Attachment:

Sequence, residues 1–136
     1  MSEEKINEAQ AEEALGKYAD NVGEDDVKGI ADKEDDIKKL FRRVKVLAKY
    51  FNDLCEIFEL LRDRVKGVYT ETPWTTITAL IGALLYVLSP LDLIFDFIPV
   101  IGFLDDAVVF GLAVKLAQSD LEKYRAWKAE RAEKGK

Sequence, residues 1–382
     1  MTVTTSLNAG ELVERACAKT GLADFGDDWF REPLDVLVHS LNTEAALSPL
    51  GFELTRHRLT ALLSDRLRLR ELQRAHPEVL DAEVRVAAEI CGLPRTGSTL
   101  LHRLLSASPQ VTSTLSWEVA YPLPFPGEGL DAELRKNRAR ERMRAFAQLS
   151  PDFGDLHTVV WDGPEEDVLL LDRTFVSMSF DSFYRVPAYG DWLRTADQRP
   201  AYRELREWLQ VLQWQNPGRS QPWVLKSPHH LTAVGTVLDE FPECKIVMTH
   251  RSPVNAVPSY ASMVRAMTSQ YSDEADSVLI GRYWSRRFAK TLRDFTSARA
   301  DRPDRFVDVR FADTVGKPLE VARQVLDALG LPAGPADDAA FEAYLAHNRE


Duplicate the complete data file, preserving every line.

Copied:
Sequence, residues 1–136
     1  MSEEKINEAQ AEEALGKYAD NVGEDDVKGI ADKEDDIKKL FRRVKVLAKY
    51  FNDLCEIFEL LRDRVKGVYT ETPWTTITAL IGALLYVLSP LDLIFDFIPV
   101  IGFLDDAVVF GLAVKLAQSD LEKYRAWKAE RAEKGK

Sequence, residues 1–382
     1  MTVTTSLNAG ELVERACAKT GLADFGDDWF REPLDVLVHS LNTEAALSPL
    51  GFELTRHRLT ALLSDRLRLR ELQRAHPEVL DAEVRVAAEI CGLPRTGSTL
   101  LHRLLSASPQ VTSTLSWEVA YPLPFPGEGL DAELRKNRAR ERMRAFAQLS
   151  PDFGDLHTVV WDGPEEDVLL LDRTFVSMSF DSFYRVPAYG DWLRTADQRP
   201  AYRELREWLQ VLQWQNPGRS QPWVLKSPHH LTAVGTVLDE FPECKIVMTH
   251  RSPVNAVPSY ASMVRAMTSQ YSDEADSVLI GRYWSRRFAK TLRDFTSARA
   301  DRPDRFVDVR FADTVGKPLE VARQVLDALG LPAGPADDAA FEAYLAHNRE